I will be surprised if these days, mobile applications are not in the top strategy agenda of most industries, be it Banking, Financial Services, Retail and of course Telecom where it all originated. While much of the exhilaration associated with Smartphones and mobile applications (i.e. Apps and Apps Store) are being attributed to Steve Jobs, it is worth remembering that the ecosystem for mobile internet, mobile content and applications originated and evolved from Japan some 15 years ago to reach the culmination of the industry as it stands today.
NTT DoCoMo, Japan set the industry trend for mobile content and applications with i-Mode followed by J-Phone (a then joint venture between Japan Telecom and Vodafone) which led the industry for “point and shoot” digital camera integrated with the mobile phone, both of which are integral to the success of smartphones today. NTT DoCoMo’s i-Mode is a mobile content portal site that hosts digital content and applications from 3rd party content and application providers that are offered as a service to mobile customers for a fee. NTT DoCoMo shares revenue with the content and application providers.
The success of i-Mode was followed by communication service providers (CSP) in every country around the world with their own version of mobile portal such as Vodafone’s VF Live!, Telstra BigPond, Optus Zoo etc. For instance, J-Phone's Sha-Mail, mobile photo-transmission service topped 5 million users within a short period after launch. i-Mode itself commanded some 4,000 registered content providers controlled by NTT DoCoMo (i.e. “Walled Garden”) which was soon followed by about 50,000 unregistered content providers (i.e. “Open Garden”) that resulted in proliferation of content and services in several categories including finance, entertainment, horoscopes, ringtones, concert tickets, navigation, music information and sales, employment, restaurant information, virtual shopping, online books, m-payment etc.
Despite the phenomenal success and popularity of Facebook.com, Mark Zuckerberg admits mistakes made by his company in getting the mobile strategy right. In fact, mobile phone demands a distinct and different strategy and is not a portable substitute for the desk-top PC is more aptly described by an associate professor of business at Kobe University's Research Institute for Economics and Business Administration, Jeffrey Lee Funk, in his book titled, “Mobile Internet: How Japan dialled-up and the West disconnected”.
Jeff Funks points out that the success in the fixed-line Internet has blinded many Western nations to the possibilities inherent in the mobile Internet. Jeffrey Funk’s book contains intriguing results from research of the Japanese market and the underlying success of NTT DoCoMo's i-Mode service and a comparison of the Western markets.
Perhaps, the success of NTT DoCoMo and J-Phone can be attributed to the results of careful strategic planning, predictive business modelling and fact-based decisions. In a nutshell, the mobile Internet exploded in Japan due to a superb market feedback loop between the initially chosen content, mobile device capabilities, device prices, packet networks, business models, careful segmentation and user targeting. At first the users were young and the services provided were simple. As the user base expanded, content became more complex, and the devices became much richer.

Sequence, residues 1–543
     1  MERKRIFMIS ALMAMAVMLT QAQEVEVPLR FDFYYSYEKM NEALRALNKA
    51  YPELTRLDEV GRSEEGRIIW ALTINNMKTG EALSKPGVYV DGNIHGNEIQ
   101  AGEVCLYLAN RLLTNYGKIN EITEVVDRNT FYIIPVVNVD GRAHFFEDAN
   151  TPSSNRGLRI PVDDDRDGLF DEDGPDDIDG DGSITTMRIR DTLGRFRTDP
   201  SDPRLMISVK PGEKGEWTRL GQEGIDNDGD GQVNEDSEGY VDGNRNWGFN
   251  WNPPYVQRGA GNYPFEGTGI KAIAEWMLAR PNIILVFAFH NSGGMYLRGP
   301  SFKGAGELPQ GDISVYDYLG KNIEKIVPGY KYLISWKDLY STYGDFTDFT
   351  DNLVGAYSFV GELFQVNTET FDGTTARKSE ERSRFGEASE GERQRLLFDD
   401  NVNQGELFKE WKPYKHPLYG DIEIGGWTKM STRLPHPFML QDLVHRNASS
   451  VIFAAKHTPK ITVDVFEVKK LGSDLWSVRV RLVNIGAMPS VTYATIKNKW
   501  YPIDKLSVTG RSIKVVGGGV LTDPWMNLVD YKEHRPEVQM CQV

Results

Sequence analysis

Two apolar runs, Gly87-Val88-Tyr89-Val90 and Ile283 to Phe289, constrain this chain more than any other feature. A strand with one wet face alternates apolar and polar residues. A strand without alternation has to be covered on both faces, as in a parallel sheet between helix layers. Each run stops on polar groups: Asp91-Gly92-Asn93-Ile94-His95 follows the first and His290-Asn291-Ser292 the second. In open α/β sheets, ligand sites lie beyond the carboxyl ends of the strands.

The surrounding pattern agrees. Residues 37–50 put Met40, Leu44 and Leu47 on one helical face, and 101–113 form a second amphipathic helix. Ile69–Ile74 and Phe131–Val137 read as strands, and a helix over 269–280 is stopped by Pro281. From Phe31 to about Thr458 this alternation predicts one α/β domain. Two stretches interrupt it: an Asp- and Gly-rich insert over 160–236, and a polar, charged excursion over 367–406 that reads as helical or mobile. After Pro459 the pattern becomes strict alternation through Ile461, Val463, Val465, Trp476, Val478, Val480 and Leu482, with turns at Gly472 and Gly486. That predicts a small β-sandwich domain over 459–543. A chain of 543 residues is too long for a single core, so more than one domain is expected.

According to Wikipedia there are some 675,000 apps available for Android, and the estimated number of applications downloaded from Google Play was 25 billion, but not many are willing to pay for the apps. Apple boasts similar numbers for iOS apps.
Which of the billion mobile applications will dial-up for success and which ones will generate revenue are big question marks now facing the CSP. Without the use of a crystal ball the CSPs need to know which business model will win. The good news is that CSPs have the capabilities to combine different services and applications on demand that will create highly profitable incremental revenues. More importantly, they can use advanced analytics to answer the following types of business questions on the multi-structured and highly complex Big Data:
- Based on a customer’s entire buying history across all product categories, what is the next best offer with respect to call plans and bundles?
- Based on a customer’s buying history in the Apps. Store, what is the next Application most likely to be purchased? e.g. Smartphone Back-up Service
CSPs can use data mining techniques such as collaborative filtering which business analysts can use to find items or events that are frequently paired with other items or events. A related function, Minhash, a probabilistic clustering method can be used to assign a pair of customers to the same cluster with probability proportional to the overlap between the set of items that these customers have bought. This relationship between customers is useful to identify upsell opportunities such as Smartphone applications and accessories to generate additional revenue.
Teradata Aster makes Big Data analytics and MapReduce easier to use through a set of SQL extensions called SQL-MapReduce. By leveraging the 50+ Out Of the Box MapReduce analytic functions, CSPs can exploit their customers’ multi-structured behavioural data to derive immediate business value.
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